The annual celebrations surrounding Onam, the most important festival of Kerala, have been marred by the devastating floods that have wrecked the state and its economy. Onam, the ten-day harvest festival that started on August 15, concludes on Saturday, August 25, with Thiruonam.
With nearly 50,000 houses damaged, and over 10 lakh people still camping in relief shelters, the flood-ravaged state has had to give Onam celebrations a miss this year.
On Friday, Kerala Chief Minister Pinarayi Vijayan issued a statement urging the people to celebrate the festival by helping those affected by the “the worst disaster” in the state’s history.
Vijayan tweeted: “Let’s celebrate this #Onam by bringing help to those among us who are suffering. More than a million of our people are in relief camps. We have together survived the worst disaster in our State’s history. Let us also set an example in rebuilding efforts.”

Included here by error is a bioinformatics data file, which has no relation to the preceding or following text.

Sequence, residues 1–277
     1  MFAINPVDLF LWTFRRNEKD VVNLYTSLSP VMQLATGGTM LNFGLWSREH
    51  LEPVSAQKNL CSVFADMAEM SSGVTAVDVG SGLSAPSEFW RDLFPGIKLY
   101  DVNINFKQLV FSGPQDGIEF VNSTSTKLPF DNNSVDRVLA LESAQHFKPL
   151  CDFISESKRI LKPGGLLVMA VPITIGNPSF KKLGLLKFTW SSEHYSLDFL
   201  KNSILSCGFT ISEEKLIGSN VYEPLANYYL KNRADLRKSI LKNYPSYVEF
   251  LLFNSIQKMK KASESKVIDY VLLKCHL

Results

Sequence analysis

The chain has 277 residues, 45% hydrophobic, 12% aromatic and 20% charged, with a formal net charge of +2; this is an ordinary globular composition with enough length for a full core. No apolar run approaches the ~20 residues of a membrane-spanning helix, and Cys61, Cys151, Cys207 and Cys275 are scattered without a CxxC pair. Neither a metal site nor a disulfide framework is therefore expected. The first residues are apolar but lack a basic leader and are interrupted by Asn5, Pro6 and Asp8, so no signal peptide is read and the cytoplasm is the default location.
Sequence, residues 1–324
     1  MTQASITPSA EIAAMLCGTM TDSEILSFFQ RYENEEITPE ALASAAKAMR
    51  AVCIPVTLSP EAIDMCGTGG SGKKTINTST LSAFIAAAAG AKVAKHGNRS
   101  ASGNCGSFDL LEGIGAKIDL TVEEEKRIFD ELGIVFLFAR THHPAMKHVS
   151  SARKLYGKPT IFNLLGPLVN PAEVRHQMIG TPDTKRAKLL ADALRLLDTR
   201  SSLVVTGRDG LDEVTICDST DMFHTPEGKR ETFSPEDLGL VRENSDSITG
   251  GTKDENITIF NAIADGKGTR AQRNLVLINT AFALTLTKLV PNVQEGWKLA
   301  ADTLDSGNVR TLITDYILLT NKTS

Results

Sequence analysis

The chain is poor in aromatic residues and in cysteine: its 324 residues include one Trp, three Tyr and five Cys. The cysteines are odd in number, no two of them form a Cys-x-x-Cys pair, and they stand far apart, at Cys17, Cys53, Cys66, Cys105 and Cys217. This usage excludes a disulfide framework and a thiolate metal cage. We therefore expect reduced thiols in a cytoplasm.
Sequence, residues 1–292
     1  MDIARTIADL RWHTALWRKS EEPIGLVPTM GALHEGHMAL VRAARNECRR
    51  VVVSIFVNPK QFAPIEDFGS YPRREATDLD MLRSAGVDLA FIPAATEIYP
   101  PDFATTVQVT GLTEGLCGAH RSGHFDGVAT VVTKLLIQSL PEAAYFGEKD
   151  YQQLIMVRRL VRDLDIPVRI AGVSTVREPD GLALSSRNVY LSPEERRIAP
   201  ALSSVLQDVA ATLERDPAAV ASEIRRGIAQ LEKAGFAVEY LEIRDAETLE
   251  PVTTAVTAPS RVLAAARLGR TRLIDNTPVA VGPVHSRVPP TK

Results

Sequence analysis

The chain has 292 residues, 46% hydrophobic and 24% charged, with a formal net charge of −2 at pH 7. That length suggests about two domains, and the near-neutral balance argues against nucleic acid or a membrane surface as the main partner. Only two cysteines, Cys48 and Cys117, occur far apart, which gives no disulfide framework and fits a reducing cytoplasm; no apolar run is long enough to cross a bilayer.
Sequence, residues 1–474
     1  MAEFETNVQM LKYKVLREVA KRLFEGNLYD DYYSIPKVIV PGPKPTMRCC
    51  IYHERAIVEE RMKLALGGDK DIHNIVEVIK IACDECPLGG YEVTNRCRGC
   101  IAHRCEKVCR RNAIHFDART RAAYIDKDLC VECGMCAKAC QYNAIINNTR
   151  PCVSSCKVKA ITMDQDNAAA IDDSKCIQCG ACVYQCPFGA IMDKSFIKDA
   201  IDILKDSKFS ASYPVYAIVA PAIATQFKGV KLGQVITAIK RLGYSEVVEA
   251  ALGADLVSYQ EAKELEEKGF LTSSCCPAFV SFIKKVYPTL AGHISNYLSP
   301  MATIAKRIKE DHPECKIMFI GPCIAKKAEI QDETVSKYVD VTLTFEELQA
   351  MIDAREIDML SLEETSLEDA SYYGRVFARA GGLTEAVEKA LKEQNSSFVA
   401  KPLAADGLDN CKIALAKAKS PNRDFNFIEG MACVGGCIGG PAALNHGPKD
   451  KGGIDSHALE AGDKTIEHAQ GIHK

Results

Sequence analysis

“Let’s celebrate this #Onam by bringing help to those among us who are suffering. More than a million of our people are in relief camps. We have together survived the worst disaster in our State’s history. Let us also set an example in rebuilding efforts.” – CM Pinarayi Vijayan pic.twitter.com/57O4MTKRfQ
— CMO Kerala (@CMOKerala) August 24, 2018
The famous Nehru trophy boat race in Alappuzha, celebrated every year to mark Onam, was put off soon after the torrential rains started to pound Kerala on August 8. The race was to be held on August 11, Saturday.
Onam falls in the beginning of Chingam, the first month of Malayalam Calendar, and is celebrated by Malayalees across religious communities all over the state and the world.
Elaborate feasts, popularly known as Onam sadya or Onasadya, songs and dances usually mark the annual festival.
However, while Kerala is not celebrating Onam, most of the Malayalees living outside the state have also decided to skip the Onam 2018 celebrations in solidarity with the flood-affected families back home.